Alejandro Ingelmo

When Alejandro Ingelmo walks into his Soho studio wearing jeans and a semitransparent white T-shirt—offering a view of the ink covering his chest, arm, and back—he looks more like a musician who rocks fashion-forward sneakers than a fourth-generation cobbler who creates them. The Miami-born designer, whose shoes are favored by celebrities like Kanye West and The Black Eyed Peas, is the youngest in a long line of Ingelmo craftsmen and has a deep respect for his family’s traditions, mixed with a touch of rebellion. “I hate being told what to do,” he says. “I want to do things my way.”

Ingelmo’s first subversive act was getting a tattoo when his Cuban family’s culture believed only criminals got ink. Born in the year of the dragon, Ingelmo selected a Chinese symbol—long since covered up—that he thought meant dragon (it didn’t).

Continuing his rebellion, he left home for New York, but once he arrived in the city he realized that cobbling was in his DNA. “Sometimes you need to go away from something to find out that you want it,” he says. The Alejandro Ingelmo line of sexy, sculptural heels launched in 2006 (with a logo designed by Mister Cartoon), and the men’s line, focused on elevating sneakers to new heights, debuted three seasons later. “I looked at all of these materials I was using for women and asked myself, Why can’t this live in the men’s world?” he says. “The idea was taking an athletic shoe and using richer materials, more crafted, cupsoles, hand stitching—sneakers you can wear with a suit, dress up, dress down.” Much to his mother’s dismay, he also developed a respect for the art of tattooing. For nine years, Ingelmo has been working with Yoni Zilber at New York Adorned on a graphic design across his chest and arm. Mister Cartoon is working on Ingelmo’s back piece, which is inspired by his Cuban and Catholic heritage and incorporates two praying hands and a line of poetry from Cuban writer Jose? Marti? that translates to: “The heart that I live with.”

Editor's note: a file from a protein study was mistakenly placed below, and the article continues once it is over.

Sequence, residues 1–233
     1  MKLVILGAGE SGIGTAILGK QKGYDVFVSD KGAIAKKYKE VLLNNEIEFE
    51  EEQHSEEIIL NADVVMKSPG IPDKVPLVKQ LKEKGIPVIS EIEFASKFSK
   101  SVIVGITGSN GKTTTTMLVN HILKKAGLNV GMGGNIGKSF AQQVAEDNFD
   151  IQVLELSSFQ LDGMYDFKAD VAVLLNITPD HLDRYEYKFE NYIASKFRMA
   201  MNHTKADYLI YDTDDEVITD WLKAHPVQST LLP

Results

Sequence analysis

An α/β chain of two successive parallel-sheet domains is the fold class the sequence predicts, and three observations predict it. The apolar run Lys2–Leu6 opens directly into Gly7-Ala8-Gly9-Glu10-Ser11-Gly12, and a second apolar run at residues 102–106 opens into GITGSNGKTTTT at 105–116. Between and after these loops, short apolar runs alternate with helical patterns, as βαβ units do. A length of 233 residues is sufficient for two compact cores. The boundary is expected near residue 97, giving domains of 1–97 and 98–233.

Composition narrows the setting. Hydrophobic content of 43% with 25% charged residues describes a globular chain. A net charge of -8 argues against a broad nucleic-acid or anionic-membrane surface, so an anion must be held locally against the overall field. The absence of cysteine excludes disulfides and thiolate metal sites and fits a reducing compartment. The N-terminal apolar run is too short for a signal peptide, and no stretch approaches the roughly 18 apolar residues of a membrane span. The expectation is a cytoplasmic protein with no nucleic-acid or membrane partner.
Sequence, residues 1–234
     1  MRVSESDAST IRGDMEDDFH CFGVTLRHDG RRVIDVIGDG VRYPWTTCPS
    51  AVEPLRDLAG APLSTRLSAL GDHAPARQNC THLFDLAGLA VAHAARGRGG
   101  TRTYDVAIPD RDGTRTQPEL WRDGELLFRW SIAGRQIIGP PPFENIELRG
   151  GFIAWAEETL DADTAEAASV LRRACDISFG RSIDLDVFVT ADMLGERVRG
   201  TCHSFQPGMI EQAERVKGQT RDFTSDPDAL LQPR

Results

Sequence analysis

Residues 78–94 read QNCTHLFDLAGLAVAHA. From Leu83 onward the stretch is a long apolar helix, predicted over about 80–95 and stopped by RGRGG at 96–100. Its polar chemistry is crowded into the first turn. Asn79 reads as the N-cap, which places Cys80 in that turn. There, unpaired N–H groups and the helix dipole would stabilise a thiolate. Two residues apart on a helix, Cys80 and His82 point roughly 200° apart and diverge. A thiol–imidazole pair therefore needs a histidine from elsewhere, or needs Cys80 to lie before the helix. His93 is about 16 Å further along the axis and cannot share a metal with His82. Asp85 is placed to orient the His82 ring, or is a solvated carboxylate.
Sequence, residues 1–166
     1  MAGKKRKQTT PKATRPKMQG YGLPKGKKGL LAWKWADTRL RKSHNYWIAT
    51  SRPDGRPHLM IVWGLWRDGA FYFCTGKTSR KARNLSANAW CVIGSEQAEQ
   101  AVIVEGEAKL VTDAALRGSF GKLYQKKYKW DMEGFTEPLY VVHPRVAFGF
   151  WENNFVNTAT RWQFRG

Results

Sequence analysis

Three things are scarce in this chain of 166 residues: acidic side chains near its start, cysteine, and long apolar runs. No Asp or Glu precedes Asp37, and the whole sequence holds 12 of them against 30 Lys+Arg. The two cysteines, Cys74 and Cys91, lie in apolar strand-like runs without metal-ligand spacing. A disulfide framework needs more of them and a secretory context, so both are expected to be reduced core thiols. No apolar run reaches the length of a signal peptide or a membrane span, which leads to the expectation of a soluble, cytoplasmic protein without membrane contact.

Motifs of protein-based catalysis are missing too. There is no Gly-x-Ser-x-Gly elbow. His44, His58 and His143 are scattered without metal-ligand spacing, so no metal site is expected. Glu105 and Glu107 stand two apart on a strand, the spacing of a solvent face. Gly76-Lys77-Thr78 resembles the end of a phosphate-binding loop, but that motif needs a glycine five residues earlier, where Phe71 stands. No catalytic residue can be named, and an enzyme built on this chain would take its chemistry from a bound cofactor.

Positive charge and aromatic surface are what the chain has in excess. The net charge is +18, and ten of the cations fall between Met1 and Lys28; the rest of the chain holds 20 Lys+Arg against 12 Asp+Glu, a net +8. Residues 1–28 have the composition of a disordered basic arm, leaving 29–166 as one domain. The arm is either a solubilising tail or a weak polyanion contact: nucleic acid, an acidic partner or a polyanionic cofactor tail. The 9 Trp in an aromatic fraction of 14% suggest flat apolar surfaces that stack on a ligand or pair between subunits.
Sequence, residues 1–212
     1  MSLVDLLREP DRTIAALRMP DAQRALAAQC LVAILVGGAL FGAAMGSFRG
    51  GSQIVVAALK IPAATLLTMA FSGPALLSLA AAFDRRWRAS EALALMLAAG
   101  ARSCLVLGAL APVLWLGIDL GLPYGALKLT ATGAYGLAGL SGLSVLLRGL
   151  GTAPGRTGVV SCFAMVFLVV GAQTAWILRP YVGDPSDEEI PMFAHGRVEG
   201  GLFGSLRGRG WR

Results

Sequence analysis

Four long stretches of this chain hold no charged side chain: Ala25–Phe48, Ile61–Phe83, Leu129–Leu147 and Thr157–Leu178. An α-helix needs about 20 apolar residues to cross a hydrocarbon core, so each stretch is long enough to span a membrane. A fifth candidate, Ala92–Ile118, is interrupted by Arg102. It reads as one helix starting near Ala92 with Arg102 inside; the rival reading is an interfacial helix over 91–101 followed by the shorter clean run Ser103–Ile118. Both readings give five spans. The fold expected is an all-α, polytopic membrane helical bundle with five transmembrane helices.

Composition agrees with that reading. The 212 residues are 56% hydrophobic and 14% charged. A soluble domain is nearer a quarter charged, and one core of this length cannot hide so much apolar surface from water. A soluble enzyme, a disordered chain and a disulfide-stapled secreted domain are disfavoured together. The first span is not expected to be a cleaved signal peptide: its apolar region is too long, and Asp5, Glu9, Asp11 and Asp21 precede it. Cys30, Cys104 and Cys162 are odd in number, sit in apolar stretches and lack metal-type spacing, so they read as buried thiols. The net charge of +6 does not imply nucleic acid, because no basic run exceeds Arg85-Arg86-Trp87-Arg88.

On top of rounding out his back with the addition of a Virgin Mary, finding a way to keep his company’s production on American soil is another one of Ingelmo’s missions. He recently began producing hand-stitched shoes in Maine, and he’s searching for an American factory that can manufacture oxfords the way his grandfather once did. “My grandfather learned from his father in Spain and took that knowledge and craft to Cuba, which became his country,” Ingelmo says. “I was born and raised in the U.S., so it’s important to bring that knowledge an craft here. It feels good to stay connected to where I came from.”

Despite the fact that his shoes are a far cry from the traditional shoes his family produced, Ingelmo is deeply influenced by his heritage. “Shoes are technical, and you can’t always see the difference in quality because it’s within the construction,” he says. “I’ve put my name on [the shoes to] respect the craft that is embedded in me. I need to know those values are always there.”

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